Dragonborn clans are the dominant social unit within their culture. Clans are comprised of all the members of multiple bloodlines that were formed in time-forgotten to serve a common purpose. They are notably not traditionally divided by scale color, as the dragonborn race was not divided by the same hostilities that the dragons themselves were. These clans exist today as the epicenter of the dragonborn’s entire lifestyle: everything that a dragonborn does in life will be dedicated to the purpose of serving their clan: whether by strengthening it, adding to its number, spreading its fame, or increasing its honor. A dragonborn’s clan is the crux of their pride, and none would never take any action that could negatively impact or dishonor their clan.
The dragonborn’s second-most-sacred cultural tenet is the noble pursuit of self-improvement. The dragonborn believe that their actions are a reflection of who they are within, and seek to constantly both prove and improve themselves by facing all challenges head-on. Bravery is not merely a trait to be attained or celebrated, it is a baseline expectation for all clan members. Cowardice is not considered an unseemly thing to be ashamed of, but rather a revolting thing to be shunned or exiled. They hold their own integrity in such high regard that they will conduct themselves honorably at all times, even when in combat with their worst enemies! While this is partially because they feel that all creatures deserve respect, even the lowest of the low (because this is what they were considered on Toril), it is also because their conduct is a reflection of their nobility. Stooping to dirty tactics or unseemly conduct is beneath them; a sign of weakness. By extension, they also value forthrightness, straightforwardness, and even honesty when in conversation with others. They consider lies, double-talk, and deception to be an expression of conversational cowardice; evidence of an inner fear of the consequences of speaking plainly.
Dragonborn were granted the ability to channel the primal, elemental fury of their draconic creators. Each dragonborn inherited their sires’ affinity toward a certain elemental magic (corresponding to their scale color), and are able to manipulate energies of that type. They can conjure it forth as a breath weapon, and even resist damage from energies of the same type. While they are not permanently immune to the damaging effects of their element like full dragons are, they can temporarily mirror this trait for short intervals.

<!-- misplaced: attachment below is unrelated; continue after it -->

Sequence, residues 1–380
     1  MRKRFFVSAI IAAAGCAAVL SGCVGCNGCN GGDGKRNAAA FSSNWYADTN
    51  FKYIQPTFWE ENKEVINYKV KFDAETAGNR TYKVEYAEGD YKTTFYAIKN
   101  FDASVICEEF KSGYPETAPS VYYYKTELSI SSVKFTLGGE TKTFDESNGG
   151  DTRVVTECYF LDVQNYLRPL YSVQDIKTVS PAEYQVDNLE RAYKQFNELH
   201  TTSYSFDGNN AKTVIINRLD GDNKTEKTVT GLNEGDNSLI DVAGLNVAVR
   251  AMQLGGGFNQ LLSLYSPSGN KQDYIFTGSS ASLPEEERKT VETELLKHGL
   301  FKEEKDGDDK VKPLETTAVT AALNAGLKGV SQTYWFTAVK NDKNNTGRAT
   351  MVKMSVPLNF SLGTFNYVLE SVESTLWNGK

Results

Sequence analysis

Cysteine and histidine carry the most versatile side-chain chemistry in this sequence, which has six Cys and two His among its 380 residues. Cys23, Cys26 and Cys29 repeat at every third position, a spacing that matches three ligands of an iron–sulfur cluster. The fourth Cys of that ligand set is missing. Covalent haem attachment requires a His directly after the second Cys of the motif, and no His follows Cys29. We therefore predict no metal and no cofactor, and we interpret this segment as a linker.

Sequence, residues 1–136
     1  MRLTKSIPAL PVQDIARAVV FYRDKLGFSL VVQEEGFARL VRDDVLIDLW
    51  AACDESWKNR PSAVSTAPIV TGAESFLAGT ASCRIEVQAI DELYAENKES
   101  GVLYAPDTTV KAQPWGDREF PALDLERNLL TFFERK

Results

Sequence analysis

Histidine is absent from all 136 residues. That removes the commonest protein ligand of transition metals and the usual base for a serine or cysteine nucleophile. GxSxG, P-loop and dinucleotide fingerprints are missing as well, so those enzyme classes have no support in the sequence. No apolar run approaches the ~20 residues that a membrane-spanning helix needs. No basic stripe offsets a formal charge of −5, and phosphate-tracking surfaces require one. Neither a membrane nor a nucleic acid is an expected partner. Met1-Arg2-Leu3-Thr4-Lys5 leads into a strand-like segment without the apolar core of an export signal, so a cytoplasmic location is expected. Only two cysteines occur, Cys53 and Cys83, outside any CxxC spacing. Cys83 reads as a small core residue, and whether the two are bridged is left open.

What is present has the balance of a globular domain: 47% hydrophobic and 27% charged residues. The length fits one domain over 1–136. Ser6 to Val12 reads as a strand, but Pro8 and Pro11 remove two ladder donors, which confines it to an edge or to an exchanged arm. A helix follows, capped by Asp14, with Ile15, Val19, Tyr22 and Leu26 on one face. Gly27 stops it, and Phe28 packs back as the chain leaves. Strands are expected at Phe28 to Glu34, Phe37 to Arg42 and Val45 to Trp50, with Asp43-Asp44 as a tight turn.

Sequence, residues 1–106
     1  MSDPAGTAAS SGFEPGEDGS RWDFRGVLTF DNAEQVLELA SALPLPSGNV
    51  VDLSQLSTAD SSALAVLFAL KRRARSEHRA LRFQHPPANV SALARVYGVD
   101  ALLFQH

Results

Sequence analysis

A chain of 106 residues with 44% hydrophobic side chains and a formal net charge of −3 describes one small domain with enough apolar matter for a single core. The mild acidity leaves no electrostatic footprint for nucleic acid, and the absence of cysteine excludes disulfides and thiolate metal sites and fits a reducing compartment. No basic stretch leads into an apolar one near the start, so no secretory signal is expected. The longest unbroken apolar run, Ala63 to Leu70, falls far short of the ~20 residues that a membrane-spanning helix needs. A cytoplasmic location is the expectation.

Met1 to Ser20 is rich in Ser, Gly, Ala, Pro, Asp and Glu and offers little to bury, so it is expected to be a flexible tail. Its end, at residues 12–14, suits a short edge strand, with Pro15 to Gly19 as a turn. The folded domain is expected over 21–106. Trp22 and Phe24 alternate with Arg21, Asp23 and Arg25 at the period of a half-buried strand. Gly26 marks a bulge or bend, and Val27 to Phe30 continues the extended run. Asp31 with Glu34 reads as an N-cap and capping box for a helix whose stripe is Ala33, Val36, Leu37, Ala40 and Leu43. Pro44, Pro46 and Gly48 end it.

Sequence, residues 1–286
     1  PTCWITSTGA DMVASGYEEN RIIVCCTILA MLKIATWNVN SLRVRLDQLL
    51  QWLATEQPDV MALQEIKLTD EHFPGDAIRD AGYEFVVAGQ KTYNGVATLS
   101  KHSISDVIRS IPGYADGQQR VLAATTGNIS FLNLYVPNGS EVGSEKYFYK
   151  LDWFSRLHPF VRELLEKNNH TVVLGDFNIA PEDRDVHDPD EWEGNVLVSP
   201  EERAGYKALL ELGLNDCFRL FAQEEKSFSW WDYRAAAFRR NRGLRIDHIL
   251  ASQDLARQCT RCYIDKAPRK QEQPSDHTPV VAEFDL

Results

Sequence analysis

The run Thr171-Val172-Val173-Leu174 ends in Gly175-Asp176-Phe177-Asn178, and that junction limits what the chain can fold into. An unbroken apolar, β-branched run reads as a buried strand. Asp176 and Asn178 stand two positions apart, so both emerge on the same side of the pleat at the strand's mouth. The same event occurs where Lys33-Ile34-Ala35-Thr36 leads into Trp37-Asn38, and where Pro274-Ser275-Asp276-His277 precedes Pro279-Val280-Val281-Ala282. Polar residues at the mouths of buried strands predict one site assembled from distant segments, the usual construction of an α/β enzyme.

While dragonborn may share scale colors, elemental affinities, and boast reflections of similar draconic powers, they are wholly unrelated dragons of Toril, and are not likely to share any of their personality quirks or social tendencies. For example, while a golden dragonborn might be graceful and wise (like a gold dragon of Toril), it does not mean that blue dragonborn are predisposed to be malicious tricksters, or that black dragonborn are predisposed to lead solitary lifestyles like their namesakes. Instead, their personalities are modeled to be the opposite of their evil Abeir-dragon overlords. Thus, dragonborn are typically a proud and upstanding people.
When choosing a dragonborn name, start with a 2-3 syllable combination of sounds with harsh consonants and prominent vowels for a first name. Try to mix consonants like “b”, “g”, “r”, “z”, and “n” with vowels like “o” , “e”, and especially ä. Their names are “breathy”, so if it sounds good while you’re exhaling (like a breath weapon), then you’ve got a winner! Dragonborn carry no surname, replacing it with their clan name, shared by all members of their clan. These are typically quite long, averaging 4-5 syllables, though there are some as short as 3. While they typically follow the same rules as first names, bonus points if you can include sounds like “-or”, “-ir”, “-ar”, “-ch”, “-sh”, and “-th”. Examples of some good dragonborn names might be Bharash Daardendrian, Nala Drachedandion, Raiann Kerrhylon, or Rhogar Turnuroth.
For added flavor, consider giving them a “Clutch name”, which is essentially the childhood nickname they had before being given their new name as an adult. These are commonly adjectives like “Zealous” or “Pious”, or verbs with “-er” added like “Climber”, “Biter”, or “Cutter”. I personally enjoy making up their names, clutch names, and clan names myself, but if you’re having trouble getting started, just use a dragonborn name generator like this one and simply modify what comes up to suit your taste!